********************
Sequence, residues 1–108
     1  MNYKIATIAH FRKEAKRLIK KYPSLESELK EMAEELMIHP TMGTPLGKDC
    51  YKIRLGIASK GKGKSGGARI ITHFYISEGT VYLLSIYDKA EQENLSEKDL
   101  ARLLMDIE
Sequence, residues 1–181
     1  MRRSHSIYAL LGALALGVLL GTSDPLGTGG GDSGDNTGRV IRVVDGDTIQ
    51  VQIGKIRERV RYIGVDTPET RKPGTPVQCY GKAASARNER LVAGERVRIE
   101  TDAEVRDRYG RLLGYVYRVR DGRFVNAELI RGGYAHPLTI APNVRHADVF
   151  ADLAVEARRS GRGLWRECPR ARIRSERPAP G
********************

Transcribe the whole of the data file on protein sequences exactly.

Sequence, residues 1–108
     1  MNYKIATIAH FRKEAKRLIK KYPSLESELK EMAEELMIHP TMGTPLGKDC
    51  YKIRLGIASK GKGKSGGARI ITHFYISEGT VYLLSIYDKA EQENLSEKDL
   101  ARLLMDIE
Sequence, residues 1–181
     1  MRRSHSIYAL LGALALGVLL GTSDPLGTGG GDSGDNTGRV IRVVDGDTIQ
    51  VQIGKIRERV RYIGVDTPET RKPGTPVQCY GKAASARNER LVAGERVRIE
   101  TDAEVRDRYG RLLGYVYRVR DGRFVNAELI RGGYAHPLTI APNVRHADVF
   151  ADLAVEARRS GRGLWRECPR ARIRSERPAP G